Matt Robertson won the Chattanooga Men's Metro Championship by seven strokes on Sunday.
He signed his scorecard for a final-round of 4-under 66 at Brainerd Golf Course. He accepted handshakes, a gift certificate for winning, a crystal trophy and chatted with a few friends.
Then he went behind the counter of the pro shop.
He had to clock-in.
"It's about time he came to work," pro-shop manager Edwin Prichard joked. "He's been off for two days and all morning."
Robertson's family watching the final round of his convincing victory and figured they'd treat him to a nice sit-down lunch for winning the annual city championship which rotates between courses in the Chattanooga District Golf Association.
Instead, they headed off to Firehouse Subs with instructions to return with his favorite sandwich.
"I have to work," he told everybody within earshot.
Robertson has been working at the golf course for about two years, and he plays there about five times per week in the morning low-ball competitions which provided him with sufficient local knowledge of the course -- and it's 2-year-old greens -- to run away from the field which started with 108 competitors.
"He didn't even take yardages sometimes," said Jay Potter who played alongside Robertson in the final group and tied for third place at 2-under with David Watts and Keoni Vidrine.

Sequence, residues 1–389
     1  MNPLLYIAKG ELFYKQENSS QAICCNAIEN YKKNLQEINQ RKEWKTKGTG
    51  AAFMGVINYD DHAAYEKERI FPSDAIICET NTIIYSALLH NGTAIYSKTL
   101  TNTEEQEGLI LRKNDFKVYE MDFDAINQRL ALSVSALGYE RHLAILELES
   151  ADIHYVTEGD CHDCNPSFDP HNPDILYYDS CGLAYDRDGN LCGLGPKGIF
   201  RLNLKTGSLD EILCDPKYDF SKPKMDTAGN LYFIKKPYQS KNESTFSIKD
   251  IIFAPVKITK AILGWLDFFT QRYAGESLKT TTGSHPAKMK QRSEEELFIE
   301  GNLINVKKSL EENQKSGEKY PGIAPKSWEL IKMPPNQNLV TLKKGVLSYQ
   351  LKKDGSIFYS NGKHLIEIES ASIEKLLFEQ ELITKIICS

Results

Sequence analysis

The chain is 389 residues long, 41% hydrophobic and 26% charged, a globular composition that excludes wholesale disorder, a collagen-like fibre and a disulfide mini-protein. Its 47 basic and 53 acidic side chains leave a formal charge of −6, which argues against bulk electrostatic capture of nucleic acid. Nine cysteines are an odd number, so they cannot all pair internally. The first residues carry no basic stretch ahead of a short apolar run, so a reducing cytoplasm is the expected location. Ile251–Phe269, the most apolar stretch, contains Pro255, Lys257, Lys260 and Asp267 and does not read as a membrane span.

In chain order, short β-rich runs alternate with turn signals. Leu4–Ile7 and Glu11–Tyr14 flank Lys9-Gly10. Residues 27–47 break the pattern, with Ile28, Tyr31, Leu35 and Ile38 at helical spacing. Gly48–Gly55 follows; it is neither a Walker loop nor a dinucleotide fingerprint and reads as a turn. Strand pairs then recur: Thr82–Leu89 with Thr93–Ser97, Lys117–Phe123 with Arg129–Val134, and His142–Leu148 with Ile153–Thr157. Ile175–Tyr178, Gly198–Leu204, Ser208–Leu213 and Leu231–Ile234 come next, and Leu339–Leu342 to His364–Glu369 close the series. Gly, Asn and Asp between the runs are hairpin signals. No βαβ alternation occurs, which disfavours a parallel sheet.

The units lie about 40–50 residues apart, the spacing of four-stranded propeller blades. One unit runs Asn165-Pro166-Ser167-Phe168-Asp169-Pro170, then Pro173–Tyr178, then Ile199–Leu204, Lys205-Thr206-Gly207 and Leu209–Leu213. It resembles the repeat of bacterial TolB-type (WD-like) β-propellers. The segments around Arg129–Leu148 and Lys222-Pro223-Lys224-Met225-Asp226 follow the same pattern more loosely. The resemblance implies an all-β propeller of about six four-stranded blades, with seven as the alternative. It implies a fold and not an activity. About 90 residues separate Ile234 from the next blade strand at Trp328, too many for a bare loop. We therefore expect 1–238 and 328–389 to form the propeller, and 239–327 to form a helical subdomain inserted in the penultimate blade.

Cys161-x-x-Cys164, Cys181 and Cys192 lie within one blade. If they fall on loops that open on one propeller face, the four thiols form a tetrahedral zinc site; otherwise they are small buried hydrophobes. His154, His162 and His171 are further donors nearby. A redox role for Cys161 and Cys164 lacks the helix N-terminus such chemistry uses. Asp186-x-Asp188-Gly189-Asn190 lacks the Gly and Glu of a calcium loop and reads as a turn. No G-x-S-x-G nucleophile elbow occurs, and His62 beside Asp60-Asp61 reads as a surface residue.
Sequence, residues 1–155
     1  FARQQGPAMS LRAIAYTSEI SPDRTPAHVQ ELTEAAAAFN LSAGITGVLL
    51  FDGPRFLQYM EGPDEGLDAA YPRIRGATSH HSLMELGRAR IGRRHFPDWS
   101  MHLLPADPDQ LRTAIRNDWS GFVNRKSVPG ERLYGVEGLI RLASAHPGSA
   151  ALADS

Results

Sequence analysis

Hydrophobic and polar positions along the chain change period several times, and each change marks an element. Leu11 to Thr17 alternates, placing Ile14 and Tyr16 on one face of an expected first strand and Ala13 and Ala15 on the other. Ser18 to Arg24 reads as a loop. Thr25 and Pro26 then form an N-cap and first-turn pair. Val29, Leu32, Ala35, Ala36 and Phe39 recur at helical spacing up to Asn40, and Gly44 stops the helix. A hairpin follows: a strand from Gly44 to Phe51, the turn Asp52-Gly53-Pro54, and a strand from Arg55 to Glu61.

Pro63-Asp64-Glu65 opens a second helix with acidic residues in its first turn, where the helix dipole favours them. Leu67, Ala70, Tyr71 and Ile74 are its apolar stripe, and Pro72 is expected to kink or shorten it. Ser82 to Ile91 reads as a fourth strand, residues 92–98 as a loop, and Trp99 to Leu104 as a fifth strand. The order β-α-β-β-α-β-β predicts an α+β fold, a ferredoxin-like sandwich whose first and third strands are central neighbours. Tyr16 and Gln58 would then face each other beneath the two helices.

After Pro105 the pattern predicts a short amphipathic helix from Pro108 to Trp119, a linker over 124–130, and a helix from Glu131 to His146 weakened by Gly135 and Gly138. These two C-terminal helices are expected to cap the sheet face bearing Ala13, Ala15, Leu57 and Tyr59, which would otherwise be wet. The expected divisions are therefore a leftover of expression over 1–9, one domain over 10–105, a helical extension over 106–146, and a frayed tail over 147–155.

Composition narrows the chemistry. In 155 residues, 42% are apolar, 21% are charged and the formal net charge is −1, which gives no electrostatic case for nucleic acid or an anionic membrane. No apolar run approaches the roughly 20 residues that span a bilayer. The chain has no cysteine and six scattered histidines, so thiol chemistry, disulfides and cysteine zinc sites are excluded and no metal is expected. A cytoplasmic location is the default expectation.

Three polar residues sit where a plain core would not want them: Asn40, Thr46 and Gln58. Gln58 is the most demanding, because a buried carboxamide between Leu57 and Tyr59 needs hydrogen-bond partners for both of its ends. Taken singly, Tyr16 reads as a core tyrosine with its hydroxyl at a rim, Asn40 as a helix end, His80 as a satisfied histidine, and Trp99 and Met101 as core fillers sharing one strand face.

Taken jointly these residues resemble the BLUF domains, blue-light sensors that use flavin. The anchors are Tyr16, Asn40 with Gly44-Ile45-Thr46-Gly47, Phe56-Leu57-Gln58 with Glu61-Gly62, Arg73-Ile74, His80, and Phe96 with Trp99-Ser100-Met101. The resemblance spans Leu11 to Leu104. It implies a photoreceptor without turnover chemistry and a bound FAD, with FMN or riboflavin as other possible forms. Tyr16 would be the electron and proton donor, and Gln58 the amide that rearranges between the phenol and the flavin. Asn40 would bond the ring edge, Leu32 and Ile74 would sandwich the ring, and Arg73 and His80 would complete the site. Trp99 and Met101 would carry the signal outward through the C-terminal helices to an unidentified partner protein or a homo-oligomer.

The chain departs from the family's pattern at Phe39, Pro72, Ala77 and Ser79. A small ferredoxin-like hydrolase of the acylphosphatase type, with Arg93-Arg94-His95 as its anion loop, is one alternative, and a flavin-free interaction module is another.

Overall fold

Brooks Thomas, a University of Tennessee at Chattanooga sophomore, finished second at 4-under 206 for three days.
"Matt didn't give me a chance to start making a move," Thomas said. "I put myself behind the 8-ball early today."
So did Potter.
The day started with Robertson owning a one-shot lead over Thomas and a three-shot lead over Potter. That expanded quickly when Thomas and Potter bogeyed two of their first three holes.
"I couldn't get it going," said Potter, who hit out of concrete culverts on two holes Sunday. "I didn't get many good bounces."
Robertson increased his lead to nine strokes after a run of four straight birdies starting on No. 5.
"I was kind of shocked with the start both Brooks and Jay had," Robertson said. "That opened the door more.
"Then those birdies made it easier having that much breathing room."
Robertson cruised on the back nine aiming for the middle of fairways, the middle of greens, and tapping putts a little lighter.
"I took my foot off the pedal coming in," he said. "I could have pushed it on 18, I could have hit putts a little harder like the eagle-putt on 14 that I left a few inches short from about 10 feet."
The victory earned Robertson an immediate trip behind the desk at Brainerd and ton of feedback from everybody he knows at the course.
"In the shop, we'll be praising him," Prichard said, "but I think the low-ball guys will be hazing him."
Contact David Uchiyama at firstname.lastname@example.org or at 423-757-6484. Follow him on Twitter at twitter.com/UchiyamaCTFP.